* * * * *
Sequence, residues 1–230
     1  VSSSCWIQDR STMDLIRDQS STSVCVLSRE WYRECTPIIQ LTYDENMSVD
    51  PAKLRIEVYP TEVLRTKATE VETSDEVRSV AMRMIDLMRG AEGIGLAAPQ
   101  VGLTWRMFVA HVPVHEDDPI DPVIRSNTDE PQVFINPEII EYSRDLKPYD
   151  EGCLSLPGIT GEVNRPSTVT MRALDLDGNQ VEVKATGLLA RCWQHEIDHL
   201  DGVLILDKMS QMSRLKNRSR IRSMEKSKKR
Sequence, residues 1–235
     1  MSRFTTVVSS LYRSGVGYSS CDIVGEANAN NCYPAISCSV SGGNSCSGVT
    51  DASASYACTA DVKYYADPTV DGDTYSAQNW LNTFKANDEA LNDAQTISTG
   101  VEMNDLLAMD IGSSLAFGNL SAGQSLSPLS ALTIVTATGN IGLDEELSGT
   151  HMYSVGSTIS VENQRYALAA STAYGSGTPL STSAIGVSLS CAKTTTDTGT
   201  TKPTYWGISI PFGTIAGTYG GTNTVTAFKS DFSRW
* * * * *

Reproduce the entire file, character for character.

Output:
Sequence, residues 1–230
     1  VSSSCWIQDR STMDLIRDQS STSVCVLSRE WYRECTPIIQ LTYDENMSVD
    51  PAKLRIEVYP TEVLRTKATE VETSDEVRSV AMRMIDLMRG AEGIGLAAPQ
   101  VGLTWRMFVA HVPVHEDDPI DPVIRSNTDE PQVFINPEII EYSRDLKPYD
   151  EGCLSLPGIT GEVNRPSTVT MRALDLDGNQ VEVKATGLLA RCWQHEIDHL
   201  DGVLILDKMS QMSRLKNRSR IRSMEKSKKR
Sequence, residues 1–235
     1  MSRFTTVVSS LYRSGVGYSS CDIVGEANAN NCYPAISCSV SGGNSCSGVT
    51  DASASYACTA DVKYYADPTV DGDTYSAQNW LNTFKANDEA LNDAQTISTG
   101  VEMNDLLAMD IGSSLAFGNL SAGQSLSPLS ALTIVTATGN IGLDEELSGT
   151  HMYSVGSTIS VENQRYALAA STAYGSGTPL STSAIGVSLS CAKTTTDTGT
   201  TKPTYWGISI PFGTIAGTYG GTNTVTAFKS DFSRW